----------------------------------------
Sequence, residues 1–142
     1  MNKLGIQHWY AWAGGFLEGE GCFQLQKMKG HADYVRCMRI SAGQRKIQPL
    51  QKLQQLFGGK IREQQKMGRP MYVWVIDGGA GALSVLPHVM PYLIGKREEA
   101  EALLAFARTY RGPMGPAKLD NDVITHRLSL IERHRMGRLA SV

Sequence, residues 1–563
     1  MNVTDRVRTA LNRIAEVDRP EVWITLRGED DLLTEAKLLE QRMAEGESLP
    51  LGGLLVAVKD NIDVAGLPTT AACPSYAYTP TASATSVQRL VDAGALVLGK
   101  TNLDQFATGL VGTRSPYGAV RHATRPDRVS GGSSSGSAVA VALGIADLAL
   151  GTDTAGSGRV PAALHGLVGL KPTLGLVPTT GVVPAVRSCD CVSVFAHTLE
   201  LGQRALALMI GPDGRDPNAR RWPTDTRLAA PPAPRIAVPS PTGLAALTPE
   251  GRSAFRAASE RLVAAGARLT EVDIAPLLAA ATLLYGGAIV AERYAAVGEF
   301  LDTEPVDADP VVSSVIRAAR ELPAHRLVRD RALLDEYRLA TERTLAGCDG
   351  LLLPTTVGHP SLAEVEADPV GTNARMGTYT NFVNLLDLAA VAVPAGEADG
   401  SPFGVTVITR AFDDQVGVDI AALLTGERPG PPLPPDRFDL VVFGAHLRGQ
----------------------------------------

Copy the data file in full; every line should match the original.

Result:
Sequence, residues 1–142
     1  MNKLGIQHWY AWAGGFLEGE GCFQLQKMKG HADYVRCMRI SAGQRKIQPL
    51  QKLQQLFGGK IREQQKMGRP MYVWVIDGGA GALSVLPHVM PYLIGKREEA
   101  EALLAFARTY RGPMGPAKLD NDVITHRLSL IERHRMGRLA SV

Sequence, residues 1–563
     1  MNVTDRVRTA LNRIAEVDRP EVWITLRGED DLLTEAKLLE QRMAEGESLP
    51  LGGLLVAVKD NIDVAGLPTT AACPSYAYTP TASATSVQRL VDAGALVLGK
   101  TNLDQFATGL VGTRSPYGAV RHATRPDRVS GGSSSGSAVA VALGIADLAL
   151  GTDTAGSGRV PAALHGLVGL KPTLGLVPTT GVVPAVRSCD CVSVFAHTLE
   201  LGQRALALMI GPDGRDPNAR RWPTDTRLAA PPAPRIAVPS PTGLAALTPE
   251  GRSAFRAASE RLVAAGARLT EVDIAPLLAA ATLLYGGAIV AERYAAVGEF
   301  LDTEPVDADP VVSSVIRAAR ELPAHRLVRD RALLDEYRLA TERTLAGCDG
   351  LLLPTTVGHP SLAEVEADPV GTNARMGTYT NFVNLLDLAA VAVPAGEADG
   401  SPFGVTVITR AFDDQVGVDI AALLTGERPG PPLPPDRFDL VVFGAHLRGQ